MLB The Show 18 is the most authentic baseball video game you can play: It has realistic ball physics, true-to-life player models, and deep on-field action that will keep players learning and improving for months to come. It’s also unquestionably a pitcher’s game, with the man on the mound having a clear advantage over batters, even on lower difficulty settings. This might discourage newer players from stepping up to the plate and attempting to drive in some runs, but by following a few basic tips and being patient as you learn the ropes, you will be running up the score in no time. Here is how to master hitting — and scoring — in MLB The Show 18.
The basics of batting
Unlike comparable baseball series such as the now-defunct MLB 2K games, you aren’t going to pick up on pitches as soon as they leave the pitcher’s hand and crush them over the outfield fence in MLB The Show 18. You have to get used to seeing the ball cross the plate, and recognize over time where a curveball will end up compared to a slider or a fastball. Before you even swing the bat, warm up by turning on a quick offline match and letting the pitcher throw several pitches in a row. Just watch carefully and try to guess which of them are strikes before the umpire says so.
Once you have begun to get a feel for discerning balls from strikes, it’s time to use that bat. There are several different control schemes you can choose from in MLB The Show 18, and though your personal preference should ultimately be the deciding factor in your decision, we recommend the “pure analog” option. With this control scheme, you flick the right analog stick forward to initiate a normal swing, and for a more powerful swing, you first pull the right stick back before flicking it forward. You don’t need to worry about swinging at a particular area of the strike zone, as some of the other control options require. It’s also the only option that really replicates the feeling of swinging a bat, which may help you time your swings precisely.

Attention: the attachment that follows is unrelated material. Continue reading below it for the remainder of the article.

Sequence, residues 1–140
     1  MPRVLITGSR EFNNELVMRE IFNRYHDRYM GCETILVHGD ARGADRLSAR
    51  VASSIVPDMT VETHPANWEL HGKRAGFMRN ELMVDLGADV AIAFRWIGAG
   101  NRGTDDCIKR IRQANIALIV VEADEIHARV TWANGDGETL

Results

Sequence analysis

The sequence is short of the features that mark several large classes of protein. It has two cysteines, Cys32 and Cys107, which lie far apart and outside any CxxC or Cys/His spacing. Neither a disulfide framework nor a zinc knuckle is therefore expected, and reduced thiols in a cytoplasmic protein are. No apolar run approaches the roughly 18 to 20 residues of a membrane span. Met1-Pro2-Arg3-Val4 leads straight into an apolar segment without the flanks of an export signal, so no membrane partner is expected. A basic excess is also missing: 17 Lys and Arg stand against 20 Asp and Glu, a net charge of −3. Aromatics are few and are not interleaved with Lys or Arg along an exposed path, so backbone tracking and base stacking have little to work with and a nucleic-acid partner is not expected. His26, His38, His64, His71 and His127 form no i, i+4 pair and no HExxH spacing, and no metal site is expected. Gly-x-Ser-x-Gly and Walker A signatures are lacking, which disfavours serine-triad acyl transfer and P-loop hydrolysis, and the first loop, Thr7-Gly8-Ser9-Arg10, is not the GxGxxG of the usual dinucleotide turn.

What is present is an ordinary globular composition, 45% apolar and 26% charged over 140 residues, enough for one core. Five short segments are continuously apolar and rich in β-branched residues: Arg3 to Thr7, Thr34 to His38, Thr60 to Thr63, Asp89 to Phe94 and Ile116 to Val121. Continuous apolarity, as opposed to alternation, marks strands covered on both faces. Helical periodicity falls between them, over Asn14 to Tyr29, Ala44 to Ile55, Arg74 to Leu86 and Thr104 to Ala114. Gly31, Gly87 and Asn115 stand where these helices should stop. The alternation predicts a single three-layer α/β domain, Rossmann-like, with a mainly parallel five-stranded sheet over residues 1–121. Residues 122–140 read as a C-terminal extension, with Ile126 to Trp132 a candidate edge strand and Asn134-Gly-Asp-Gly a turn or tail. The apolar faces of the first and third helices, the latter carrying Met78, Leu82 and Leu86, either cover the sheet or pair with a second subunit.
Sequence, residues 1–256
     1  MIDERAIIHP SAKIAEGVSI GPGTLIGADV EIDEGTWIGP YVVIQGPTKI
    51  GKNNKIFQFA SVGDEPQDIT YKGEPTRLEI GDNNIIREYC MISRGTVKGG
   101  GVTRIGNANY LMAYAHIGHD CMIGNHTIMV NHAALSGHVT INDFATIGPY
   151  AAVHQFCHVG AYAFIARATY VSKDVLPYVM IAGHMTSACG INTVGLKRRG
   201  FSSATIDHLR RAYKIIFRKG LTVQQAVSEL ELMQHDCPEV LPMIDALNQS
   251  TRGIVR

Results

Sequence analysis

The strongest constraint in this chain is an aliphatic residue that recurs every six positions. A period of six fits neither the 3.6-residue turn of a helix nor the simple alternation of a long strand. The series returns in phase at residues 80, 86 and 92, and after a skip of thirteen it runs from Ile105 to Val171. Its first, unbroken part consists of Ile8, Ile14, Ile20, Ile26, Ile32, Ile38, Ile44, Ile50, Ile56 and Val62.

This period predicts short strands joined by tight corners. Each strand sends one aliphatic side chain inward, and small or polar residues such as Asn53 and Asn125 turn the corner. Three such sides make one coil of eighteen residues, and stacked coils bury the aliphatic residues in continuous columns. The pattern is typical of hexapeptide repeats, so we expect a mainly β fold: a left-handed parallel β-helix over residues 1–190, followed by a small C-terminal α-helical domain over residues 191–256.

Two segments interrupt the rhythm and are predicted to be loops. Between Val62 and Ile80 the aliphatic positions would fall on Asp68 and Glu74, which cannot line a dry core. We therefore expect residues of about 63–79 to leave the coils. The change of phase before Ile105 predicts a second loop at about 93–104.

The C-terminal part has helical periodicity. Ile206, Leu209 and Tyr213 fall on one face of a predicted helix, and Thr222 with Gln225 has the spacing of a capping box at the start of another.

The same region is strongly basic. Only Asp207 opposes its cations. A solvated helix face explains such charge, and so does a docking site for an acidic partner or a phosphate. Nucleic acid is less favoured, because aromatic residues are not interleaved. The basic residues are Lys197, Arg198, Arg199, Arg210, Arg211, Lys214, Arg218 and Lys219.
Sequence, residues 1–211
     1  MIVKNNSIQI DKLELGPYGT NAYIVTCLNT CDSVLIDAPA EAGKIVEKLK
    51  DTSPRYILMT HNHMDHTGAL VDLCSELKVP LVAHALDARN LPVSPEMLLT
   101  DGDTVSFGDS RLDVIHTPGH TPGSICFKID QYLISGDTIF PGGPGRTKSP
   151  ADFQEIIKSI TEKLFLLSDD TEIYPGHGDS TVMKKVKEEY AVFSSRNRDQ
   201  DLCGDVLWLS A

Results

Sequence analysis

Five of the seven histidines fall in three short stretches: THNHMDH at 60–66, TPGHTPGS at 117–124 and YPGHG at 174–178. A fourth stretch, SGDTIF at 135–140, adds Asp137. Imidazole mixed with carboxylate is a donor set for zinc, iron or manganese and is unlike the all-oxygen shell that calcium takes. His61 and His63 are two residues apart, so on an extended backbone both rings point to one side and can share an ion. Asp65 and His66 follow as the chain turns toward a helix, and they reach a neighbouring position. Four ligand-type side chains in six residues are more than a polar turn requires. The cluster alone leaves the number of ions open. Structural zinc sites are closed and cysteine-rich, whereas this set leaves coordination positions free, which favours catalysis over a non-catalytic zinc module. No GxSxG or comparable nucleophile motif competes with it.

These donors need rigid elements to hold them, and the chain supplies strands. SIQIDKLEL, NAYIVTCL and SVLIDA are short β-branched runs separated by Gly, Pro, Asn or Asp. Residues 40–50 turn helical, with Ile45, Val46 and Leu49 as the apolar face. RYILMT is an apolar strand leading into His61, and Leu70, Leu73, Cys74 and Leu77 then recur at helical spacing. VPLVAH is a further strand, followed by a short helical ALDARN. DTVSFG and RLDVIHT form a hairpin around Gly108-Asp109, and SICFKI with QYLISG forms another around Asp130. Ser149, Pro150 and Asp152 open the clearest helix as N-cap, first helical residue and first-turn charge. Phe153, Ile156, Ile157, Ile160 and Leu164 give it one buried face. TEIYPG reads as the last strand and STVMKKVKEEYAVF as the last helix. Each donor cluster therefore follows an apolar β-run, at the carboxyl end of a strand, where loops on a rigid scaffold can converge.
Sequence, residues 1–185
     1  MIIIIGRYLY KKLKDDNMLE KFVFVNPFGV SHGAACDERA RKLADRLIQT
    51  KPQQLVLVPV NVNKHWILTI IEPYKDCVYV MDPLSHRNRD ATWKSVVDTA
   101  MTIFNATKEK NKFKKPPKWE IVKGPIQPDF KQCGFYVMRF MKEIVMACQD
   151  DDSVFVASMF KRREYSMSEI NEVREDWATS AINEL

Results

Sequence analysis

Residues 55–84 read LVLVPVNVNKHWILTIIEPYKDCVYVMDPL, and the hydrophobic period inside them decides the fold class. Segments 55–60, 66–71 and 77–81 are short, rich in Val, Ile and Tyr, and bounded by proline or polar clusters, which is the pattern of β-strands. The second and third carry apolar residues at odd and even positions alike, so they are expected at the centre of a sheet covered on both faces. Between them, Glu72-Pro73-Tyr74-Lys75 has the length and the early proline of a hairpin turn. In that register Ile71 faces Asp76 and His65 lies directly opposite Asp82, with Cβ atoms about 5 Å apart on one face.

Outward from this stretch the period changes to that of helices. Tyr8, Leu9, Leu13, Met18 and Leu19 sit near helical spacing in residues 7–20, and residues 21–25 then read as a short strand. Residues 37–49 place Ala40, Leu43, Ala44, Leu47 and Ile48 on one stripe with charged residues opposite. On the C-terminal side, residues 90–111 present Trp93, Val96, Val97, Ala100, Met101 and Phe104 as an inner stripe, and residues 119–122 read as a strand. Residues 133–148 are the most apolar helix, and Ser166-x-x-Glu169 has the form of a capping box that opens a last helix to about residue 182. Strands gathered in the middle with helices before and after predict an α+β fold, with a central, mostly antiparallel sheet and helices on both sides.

Holding down the triangle button will cause your batter to attempt a bunt. If you do so as the pitcher is going into his windup, this will be a traditional “sacrifice” bunt designed to move runners ahead to second or third base. Should you wait until the ball is leaving his hands, it will be a running bunt, designed to get a hit. Neither are guaranteed to put the ball in play, and releasing the button before the ball crosses the plate will cause you to pull the bunt back.
How to dominate the pitcher
It might seem like the opposing team’s pitcher is unstoppable at times, but you have plenty of tricks up your sleeve that you can use to get the better of them and knock a ball into the outfield. With a little practice, you’ll even go up to the plate expecting to get a hit rather than merely hoping for one.